Cut to 1977. Gun-group veterans still call the NRA’s annual meeting that year the “Revolt at Cincinnati.” After the organization’s leadership had decided to move its headquarters to Colorado, signaling a retreat from politics, more than a thousand angry rebels showed up at the annual convention. By four in the morning, the dissenters had voted out the organization’s leadership. Activists from the Second Amendment Foundation and the Citizens Committee for the Right to Keep and Bear Arms pushed their way into power.
The NRA’s new leadership was dramatic, dogmatic and overtly ideological. For the first time, the organization formally embraced the idea that the sacred Second Amendment was at the heart of its concerns.
The gun lobby’s lurch rightward was part of a larger conservative backlash that took place across the Republican coalition in the 1970s. One after another, once-sleepy traditional organizations galvanized as conservative activists wrested control.
Conservatives tossed around the language of insurrection with the ardor of a Berkeley Weatherman. The “Revolt at Cincinnati” was followed by the “tax revolt,” which began in California in 1979, and the “sagebrush rebellion” against Interior Department land policies. All these groups shared a deep distrust of the federal government and spoke in the language of libertarianism. They formed a potent new partisan coalition.
Politicians adjusted in turn. The 1972 Republican platform had supported gun control, with a focus on restricting the sale of “cheap handguns.” Just three years later in 1975, preparing to challenge Gerald R. Ford for the Republican nomination, Reagan wrote in Guns & Ammo magazine, “The Second Amendment is clear, or ought to be. It appears to leave little if any leeway for the gun control advocate.” By 1980 the GOP platform proclaimed, “We believe the right of citizens to keep and bear arms must be preserved. Accordingly, we oppose federal registration of firearms.” That year the NRA gave Reagan its first-ever presidential endorsement.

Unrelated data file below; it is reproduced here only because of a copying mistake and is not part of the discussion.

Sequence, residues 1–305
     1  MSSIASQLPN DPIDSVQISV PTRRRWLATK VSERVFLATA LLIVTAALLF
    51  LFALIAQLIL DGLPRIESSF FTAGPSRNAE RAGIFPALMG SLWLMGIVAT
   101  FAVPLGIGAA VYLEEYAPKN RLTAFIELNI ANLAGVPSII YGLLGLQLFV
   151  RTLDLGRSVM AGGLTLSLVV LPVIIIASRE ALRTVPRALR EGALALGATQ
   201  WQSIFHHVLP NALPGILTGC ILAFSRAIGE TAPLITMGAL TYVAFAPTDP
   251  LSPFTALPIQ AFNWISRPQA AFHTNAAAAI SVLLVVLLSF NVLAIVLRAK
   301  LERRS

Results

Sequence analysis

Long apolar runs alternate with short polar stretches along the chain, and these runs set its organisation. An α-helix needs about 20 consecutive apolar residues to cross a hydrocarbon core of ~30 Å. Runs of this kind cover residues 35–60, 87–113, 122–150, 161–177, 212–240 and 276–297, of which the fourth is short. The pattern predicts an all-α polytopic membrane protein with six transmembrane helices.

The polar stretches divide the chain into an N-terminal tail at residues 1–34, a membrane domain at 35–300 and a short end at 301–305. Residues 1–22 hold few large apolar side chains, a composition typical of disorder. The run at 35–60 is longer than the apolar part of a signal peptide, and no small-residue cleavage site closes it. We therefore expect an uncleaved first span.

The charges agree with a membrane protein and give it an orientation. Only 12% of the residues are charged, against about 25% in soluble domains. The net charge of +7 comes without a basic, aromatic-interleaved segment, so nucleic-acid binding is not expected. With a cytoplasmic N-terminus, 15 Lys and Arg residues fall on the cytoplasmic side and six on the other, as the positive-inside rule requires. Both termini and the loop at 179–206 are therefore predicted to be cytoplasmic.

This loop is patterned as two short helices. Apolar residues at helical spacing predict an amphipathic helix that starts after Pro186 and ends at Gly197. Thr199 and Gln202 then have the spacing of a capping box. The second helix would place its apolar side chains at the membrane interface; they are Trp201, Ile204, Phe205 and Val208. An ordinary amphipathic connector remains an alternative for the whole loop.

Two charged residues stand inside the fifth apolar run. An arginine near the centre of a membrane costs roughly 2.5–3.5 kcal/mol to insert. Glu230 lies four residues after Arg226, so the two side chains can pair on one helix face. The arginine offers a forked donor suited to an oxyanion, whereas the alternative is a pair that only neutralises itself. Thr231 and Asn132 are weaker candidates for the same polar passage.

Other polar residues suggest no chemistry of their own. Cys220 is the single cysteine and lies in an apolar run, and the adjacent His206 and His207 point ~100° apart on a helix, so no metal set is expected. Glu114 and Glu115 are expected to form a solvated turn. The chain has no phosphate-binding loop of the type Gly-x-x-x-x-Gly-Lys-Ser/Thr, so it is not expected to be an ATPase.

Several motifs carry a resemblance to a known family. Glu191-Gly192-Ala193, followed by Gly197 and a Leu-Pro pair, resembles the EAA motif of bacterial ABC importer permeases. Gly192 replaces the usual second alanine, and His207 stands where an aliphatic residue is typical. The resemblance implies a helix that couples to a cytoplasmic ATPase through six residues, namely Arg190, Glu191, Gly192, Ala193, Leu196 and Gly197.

Today at the NRA’s headquarters in Fairfax, Virginia, oversized letters on the facade no longer refer to “marksmanship” and “safety.” Instead, the Second Amendment is emblazoned on a wall of the building’s lobby. Visitors might not notice that the text is incomplete. It reads:
“.. the right of the people to keep and bear arms, shall not be infringed.”
The first half—the part about the well regulated militia—has been edited out.
It’s funny to me that conservatives who are so fond of a strict reading of the Constitution when it comes to other hot-button political issues are the very same folks who conveniently forget the “well regulated militia” component of the Second Amendment so as to avoid gun ownership being well-regulated.
5 thoughts on “Politico Magazine: How the NRA Rewrote the Second Amendment”
They have also, conveniently, edited out the original intent of all that arms bearing and militia-regulating: the security of a free State. I don’t know if that’s because conservatives reject any source of rights that’s not “because God said so” or if the idea of the State being secure somehow offends their individualistic, anti-government ideology or the fact that times have changed to such an extent since the days of the Founders that the existence of a professional public safety apparatus — from city police to county sheriffs’ departments to State patrols to the State National Guards to the Coast Guard to the Army, Navy, Air Force and Marines — that the reason for a well-regulated militia, and the right to bear arms required for it to function, no longer exists.
Just a Second Amendment thought for the day 🙂
And yet libs here still think drones are some how a firearm or something that should be banned from personal ownership. When you give up the right to police the police, you have lost your freedom. Bend over if you like, I will not.
This comment makes little sense.
I get where we need to police the police, but I don’t think we need drones to do it, lol.
Agree with you Zach, first there would have to be some “libs,” here.
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